On New Years day Oprah Winfrey launched her very own television network, the Oprah Winfrey Network (OWN) and I cringe, more than I would if someone took a piece of blunt chalk and scraped it on a board for 10 hours.
In numerous interviews and articles I’ve seen Oprah define her goal for the network to revolve around people being ‘all that they can be.’ Finding the potential inside of you. Becoming everything you are.
I cringe at all of this because I find it incredibly shallow and fluffy. That’s not because I’m a man. My wife agrees with me. It’s not the crying or the so-called straight-talk that bugs me, it’s all this you, you, you stuff that’s mixed with a thorough ‘works’ and ‘formulas’ view to a better life and even salvation, with the latter end promoted by a shallow mystical spirituality that Oprah tends to really believe in, evidenced by her quote where she says she has asked God to “Use me… use me until you use me up.”
Oprah finds support because she appeals to something that is hardly new and has been around with us and has been the cause of many (or perhaps all) of our problems: this idea of ours to be the master of our own destinies, to be the gods of our own lives, where God’s main purpose in all of this is to bring us a better life, and our way of attaining God’s favour is doing all the right things.
Oprah’s many shows on her network represent all the formulas. We’ve got some phsycoanalysis with Doctor Phil, who might be a straight-talker and I can sometimes appreciate his way of dealing with things, but the whole vibe glorifies the West’s therapeutic culture where we are, in some way, a victim and ALL things are easy for us to overcome, if we just do it right. We needn’t worry about God’s grace or His Spirit (even though there might be talk of His Spirit in Oprah-land, but more in a way where its all about us and not about the Spirit), we just need to follow the formulas. The same idea even comes out in Oprah’s sex show. Good sex boils down to right formulas, even formulas for relationships, and formulas save us — not God.
You might say I’m taking a narrow and very conservative, gun-ho Christian fundamentalist attitude, but let me show you why I don’t believe I am. Oprah’s message resonates with many Western Christians and churches, liberal or conservative, precisely because it’s so formula driven. Even conservatives, who may say in one corner of their mouth that Oprah is some form of false prophet and New Age and whatever else, will go around saying that if we do thing’s “God’s Way” then we will find ourselves living in freedom. We need to raise our children “God’s Way”, or run our businesses “God’s Way” to enjoy a better life. In principle I might agree, but in experience even doing thing’s “God’s Way” doesn’t provide a ‘better life’. The problem is that the goal of a ‘better life’ may not be what God wants for us after all.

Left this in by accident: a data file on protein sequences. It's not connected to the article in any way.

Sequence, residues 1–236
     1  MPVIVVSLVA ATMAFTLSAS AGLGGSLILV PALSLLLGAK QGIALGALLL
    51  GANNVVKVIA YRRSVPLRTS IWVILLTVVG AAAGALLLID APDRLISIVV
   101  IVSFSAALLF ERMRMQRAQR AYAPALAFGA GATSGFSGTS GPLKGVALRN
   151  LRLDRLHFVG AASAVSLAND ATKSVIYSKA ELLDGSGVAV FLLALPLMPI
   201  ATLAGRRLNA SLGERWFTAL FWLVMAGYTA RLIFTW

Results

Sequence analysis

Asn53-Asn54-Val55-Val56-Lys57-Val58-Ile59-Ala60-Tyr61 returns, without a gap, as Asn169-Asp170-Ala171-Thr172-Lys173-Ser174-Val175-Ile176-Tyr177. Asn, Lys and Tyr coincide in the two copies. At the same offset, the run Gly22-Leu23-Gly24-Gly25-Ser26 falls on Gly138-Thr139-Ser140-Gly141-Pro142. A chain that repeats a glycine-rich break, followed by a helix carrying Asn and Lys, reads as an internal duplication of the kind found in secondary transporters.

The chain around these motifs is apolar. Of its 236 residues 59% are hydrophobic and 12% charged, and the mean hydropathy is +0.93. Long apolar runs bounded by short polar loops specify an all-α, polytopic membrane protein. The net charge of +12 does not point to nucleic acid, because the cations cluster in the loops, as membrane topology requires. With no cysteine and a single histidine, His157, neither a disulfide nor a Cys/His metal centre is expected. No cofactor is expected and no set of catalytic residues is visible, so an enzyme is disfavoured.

Both of these views rely on formulas to get what we want — a better life. But there are two problems here. Firstly, why do we think the point of living is to get a ‘better life’? And secondly, why is it that there are so many formula’s out there?
Christian teaching talks about grace, how we need God’s grace to have eternal life. The difference here is joy within circumstances, not joy because our circumstances have changed. The difference is also trusting God for salvation, salvation in this life and in the next age; not trusting formulas. So both Oprah and high conservatives I view on the same side — they’re both just selling different formulas that will get us to the same old myth; the same mirage; of a ‘better life’. Neither of them can promise joy in our circumstances, because that’s not really what we think we want. The goal is a better life now. And whoever can sell their formula the best, wins.
But joy in our circumstances — rather than our circumstances taken away — may just be what we really want, because it seems that these formulas work for some, but not for others, and I for one refuse to live my life going from one answer to the next trying to make it work. I’ve been there, done that. None of the formulas I was taught worked for me, and none of those I taught myself have consistently worked. Rather, I’ll rely on God’s grace, not to make life work, but to sustain me with his joy, peace, and love through the hard times — which can’t be avoided and <i>will</i> come.
About Ryan Peter
Ryan Peter is a writer, journalist and ghostwriter from Johannesburg, South Africa. He writes fantasy, sci-fi, inspirational fiction, and on faith. Ryan is also part of the New Covenant Ministries International (NCMI) translocal team.